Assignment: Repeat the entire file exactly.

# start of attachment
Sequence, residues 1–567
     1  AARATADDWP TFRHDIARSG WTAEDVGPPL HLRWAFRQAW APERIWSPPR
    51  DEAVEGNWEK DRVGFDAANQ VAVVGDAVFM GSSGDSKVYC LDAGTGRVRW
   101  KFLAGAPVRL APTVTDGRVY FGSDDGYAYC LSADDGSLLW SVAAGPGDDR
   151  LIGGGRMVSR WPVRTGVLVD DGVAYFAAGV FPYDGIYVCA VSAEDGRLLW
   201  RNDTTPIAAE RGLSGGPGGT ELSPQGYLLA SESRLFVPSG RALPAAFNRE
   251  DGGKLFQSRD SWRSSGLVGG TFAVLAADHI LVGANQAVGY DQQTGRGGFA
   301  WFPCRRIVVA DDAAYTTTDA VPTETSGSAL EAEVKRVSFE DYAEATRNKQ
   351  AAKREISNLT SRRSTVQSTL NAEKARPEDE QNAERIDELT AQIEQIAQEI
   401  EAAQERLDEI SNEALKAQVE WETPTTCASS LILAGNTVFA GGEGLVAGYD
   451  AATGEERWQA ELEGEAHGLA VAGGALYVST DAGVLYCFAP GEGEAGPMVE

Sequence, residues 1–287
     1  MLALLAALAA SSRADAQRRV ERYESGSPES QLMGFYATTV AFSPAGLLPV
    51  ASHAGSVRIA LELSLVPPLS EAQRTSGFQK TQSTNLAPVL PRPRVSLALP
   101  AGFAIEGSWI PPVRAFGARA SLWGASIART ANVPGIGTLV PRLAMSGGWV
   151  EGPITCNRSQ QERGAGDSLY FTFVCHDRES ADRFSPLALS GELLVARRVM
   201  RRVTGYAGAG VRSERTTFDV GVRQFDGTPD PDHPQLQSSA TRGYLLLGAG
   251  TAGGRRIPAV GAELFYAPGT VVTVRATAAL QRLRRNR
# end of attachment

Sequence, residues 1–567
     1  AARATADDWP TFRHDIARSG WTAEDVGPPL HLRWAFRQAW APERIWSPPR
    51  DEAVEGNWEK DRVGFDAANQ VAVVGDAVFM GSSGDSKVYC LDAGTGRVRW
   101  KFLAGAPVRL APTVTDGRVY FGSDDGYAYC LSADDGSLLW SVAAGPGDDR
   151  LIGGGRMVSR WPVRTGVLVD DGVAYFAAGV FPYDGIYVCA VSAEDGRLLW
   201  RNDTTPIAAE RGLSGGPGGT ELSPQGYLLA SESRLFVPSG RALPAAFNRE
   251  DGGKLFQSRD SWRSSGLVGG TFAVLAADHI LVGANQAVGY DQQTGRGGFA
   301  WFPCRRIVVA DDAAYTTTDA VPTETSGSAL EAEVKRVSFE DYAEATRNKQ
   351  AAKREISNLT SRRSTVQSTL NAEKARPEDE QNAERIDELT AQIEQIAQEI
   401  EAAQERLDEI SNEALKAQVE WETPTTCASS LILAGNTVFA GGEGLVAGYD
   451  AATGEERWQA ELEGEAHGLA VAGGALYVST DAGVLYCFAP GEGEAGPMVE

Sequence, residues 1–287
     1  MLALLAALAA SSRADAQRRV ERYESGSPES QLMGFYATTV AFSPAGLLPV
    51  ASHAGSVRIA LELSLVPPLS EAQRTSGFQK TQSTNLAPVL PRPRVSLALP
   101  AGFAIEGSWI PPVRAFGARA SLWGASIART ANVPGIGTLV PRLAMSGGWV
   151  EGPITCNRSQ QERGAGDSLY FTFVCHDRES ADRFSPLALS GELLVARRVM
   201  RRVTGYAGAG VRSERTTFDV GVRQFDGTPD PDHPQLQSSA TRGYLLLGAG
   251  TAGGRRIPAV GAELFYAPGT VVTVRATAAL QRLRRNR